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Advancing the Science and Art of Integrative Oncology


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Jun J. Mao, MD, MSCE

Jun J. Mao, MD, MSCE

In 2019, we will mark the 20th year of the establishment of the Integrative Medicine Service at Memorial Sloan Kettering Cancer Center (MSK), which helped lay the foundation for the emerging field of integrative oncology. Over the past 2 decades, academic cancer institutions, including The University of Texas MD Anderson Cancer Center, Dana-Farber Cancer Institute, and Fred Hutchinson Cancer Research Center, have established integrative medicine centers and programs to provide clinical care, conduct research, and educate health-care providers as well as the general public.1

GUEST EDITOR

Integrative Oncology is guest edited by Jun J. Mao, MD, MSCE, Laurance S. Rockefeller Chair in Integrative Medicine and Chief, Integrative Medicine Service, Memorial Sloan Kettering Cancer Center, New York.

Yesterday and Today

TWENTY YEARS AGO, there were many skeptics who predicted that integrative oncology would not survive in academic medicine. Today, passionate skeptics continue to question its existence and attempt to lump it in with alternative medicine. Rather than having others define integrative oncology, a group of international scholars from the Society for Integrative Oncology (SIO) used mixed-methods research to create the following definition: “Integrative oncology is a patient-centered, evidence-informed field of cancer care that utilizes mind and body practices, natural products, and/or lifestyle modifications from different traditions alongside conventional cancer treatments. Integrative oncology aims to optimize health, quality of life, and clinical outcomes across the cancer care continuum and to empower people to prevent cancer and become active participants before, during, and beyond cancer treatment.”2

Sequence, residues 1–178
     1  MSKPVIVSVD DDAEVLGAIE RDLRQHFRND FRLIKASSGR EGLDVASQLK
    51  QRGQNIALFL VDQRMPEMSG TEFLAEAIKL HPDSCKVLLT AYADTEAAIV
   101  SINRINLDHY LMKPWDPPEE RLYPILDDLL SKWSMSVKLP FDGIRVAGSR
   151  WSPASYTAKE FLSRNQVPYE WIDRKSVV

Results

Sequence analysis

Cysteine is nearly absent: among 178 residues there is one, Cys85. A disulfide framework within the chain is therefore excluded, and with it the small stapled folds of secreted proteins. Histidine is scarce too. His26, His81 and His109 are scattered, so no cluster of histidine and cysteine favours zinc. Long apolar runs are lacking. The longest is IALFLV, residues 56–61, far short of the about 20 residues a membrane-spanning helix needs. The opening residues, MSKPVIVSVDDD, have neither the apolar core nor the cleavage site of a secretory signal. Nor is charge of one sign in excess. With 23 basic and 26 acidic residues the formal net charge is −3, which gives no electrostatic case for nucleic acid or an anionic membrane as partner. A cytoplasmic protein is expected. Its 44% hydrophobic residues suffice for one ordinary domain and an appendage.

Today, the need for education about integrative oncology is even more pressing. According to ASCO’s 2018 National Cancer Opinion Survey, 4 out of 10 Americans believe that natural approaches alone can cure cancer.3 More often, younger people tend to hold such beliefs.